When that filament goes... who knows, but the warming dimmer current helps. When that LED goes, who knows in also I would guess if chase lighting on a dimmer also not living up to 50,000 hours at some point. I would think for a LED the chopping current warmaing electricity of a normal dimmer would possibly become a problem to the electronics of the LED to produce a shorter life.

    If you have a stock of incandescent lamps, I don't think any good reason not to burn thru them and wait for the future on going LED for the effect. Saves money now and later the tech will be better in being ready for it.
     
    Last edited: Oct 18, 2016
  6. ptero

    ptero Active Member

    Messages:
    176
    Likes Received:
    19
    Location:
    THE Great Lakes State
    We've had great luck just doing it w/incandescents and not worrying about lamp failures. Truthfully there has not been much of a choice. Sometimes we would go a full run, 35 shows, w/o a failure. Losses have been very rare.

    Fortunately (or not!!!) we have done many shows with a False Proscenium ringed with chasers. There have been a variety of incandescents from 11w S, to 25w G and 40w G, to 150w A. Lamp counts were usually upwards of 80 lamps split across three or four circuits of control. The 150w A lamps added up to 200 plus on 30 dimmers for one show. They did their share of flashing and very few failed.

    We never tried easing the shock with pre-warming or by adjusting dimmer curves and timings. A few of these older setups were running on a mechanical motor and contacts box(as Bill Conner mentions above) with the lamps fed by Dimmers @FL. About as shocky to the lamps as you can get! Well, with vintage 6K dimmers that are always leaking about 5volts @Zero!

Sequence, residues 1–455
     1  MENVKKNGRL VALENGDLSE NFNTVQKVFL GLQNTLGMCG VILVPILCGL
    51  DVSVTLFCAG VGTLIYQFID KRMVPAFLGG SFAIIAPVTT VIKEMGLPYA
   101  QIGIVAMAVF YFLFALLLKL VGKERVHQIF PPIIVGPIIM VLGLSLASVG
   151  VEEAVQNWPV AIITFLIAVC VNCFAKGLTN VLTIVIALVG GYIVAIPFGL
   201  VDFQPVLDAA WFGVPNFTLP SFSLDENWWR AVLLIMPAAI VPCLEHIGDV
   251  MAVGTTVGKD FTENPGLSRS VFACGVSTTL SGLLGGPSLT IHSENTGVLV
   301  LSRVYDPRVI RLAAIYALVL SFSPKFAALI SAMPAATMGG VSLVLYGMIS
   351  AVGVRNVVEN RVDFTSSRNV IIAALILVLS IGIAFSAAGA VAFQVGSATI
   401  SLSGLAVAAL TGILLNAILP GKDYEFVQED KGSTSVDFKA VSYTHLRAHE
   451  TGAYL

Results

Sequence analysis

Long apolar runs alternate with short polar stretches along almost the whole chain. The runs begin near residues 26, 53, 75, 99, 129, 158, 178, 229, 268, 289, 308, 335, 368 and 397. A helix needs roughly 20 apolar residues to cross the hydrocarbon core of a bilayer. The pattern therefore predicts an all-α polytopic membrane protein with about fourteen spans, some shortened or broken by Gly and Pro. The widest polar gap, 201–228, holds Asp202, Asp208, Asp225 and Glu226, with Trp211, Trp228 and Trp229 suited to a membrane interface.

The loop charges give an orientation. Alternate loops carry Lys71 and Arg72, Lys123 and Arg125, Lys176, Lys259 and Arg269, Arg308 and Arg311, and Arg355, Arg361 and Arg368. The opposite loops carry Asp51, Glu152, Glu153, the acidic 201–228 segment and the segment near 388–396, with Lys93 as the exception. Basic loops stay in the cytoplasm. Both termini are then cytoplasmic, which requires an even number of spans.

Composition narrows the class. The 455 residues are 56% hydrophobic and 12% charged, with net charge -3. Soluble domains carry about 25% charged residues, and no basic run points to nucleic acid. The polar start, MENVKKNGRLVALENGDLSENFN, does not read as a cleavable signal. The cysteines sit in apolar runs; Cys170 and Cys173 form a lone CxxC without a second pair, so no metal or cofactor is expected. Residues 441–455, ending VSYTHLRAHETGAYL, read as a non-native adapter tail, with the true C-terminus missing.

We have not had any experience with LEDs in this application.

    Best of luck
    Reid
     
  7. StradivariusBone

    StradivariusBone Well-Known Member Fight Leukemia

    Messages:
    1,106
    Likes Received:
    430
    Occupation:
    Facility Manager/TD
    Location:
    Space Coast, FL
    We profile our incandescents to 90% of full to increase bulb life, I'm wondering if that would help prevent such burn outs as described? I've run chase FX like that and not had more than maybe 2 or 3 failures during a "cold start" over the course of 3 or 4 years.
     
  8. JChenault

    JChenault Well-Known Member

    Messages:
    1,435
    Likes Received:
    391
    Location:
    seattle, wa USA
    I would be suspicious of trying to use edison LED lamps. As far as I know ( and certainly with the Edison LED lamps I have in my house ) they take some time ( 1/4 to 1 second) to come on after I switch on the power. So if you want to do a chase effect or something with the naked light bulb effect, I would be surprised if LED lamps would give you what you want.
     
  9. RickR

    RickR Well-Known Member

    Messages:
    1,173
    Likes Received:
    321
    Occupation:
    Consultant
    Location:
    Spokane, WA the great "Inland Northwest"
    These days there is only one rule with LED retrofits: TEST

    Some are/aren't instant on, most don't dim well, some are color consistent, some have good color, some look like filaments, some only glow on part of the globe, some look white when off...

    And don't expect to buy the exact same model next month. Even if it says it is the same minor electronics changes can cause problems. :(
     

Share This Page

  1. This site uses cookies to help personalise content, tailor your experience and to keep you logged in if you register.
    By continuing to use this site, you are consenting to our use of cookies.
    Dismiss Notice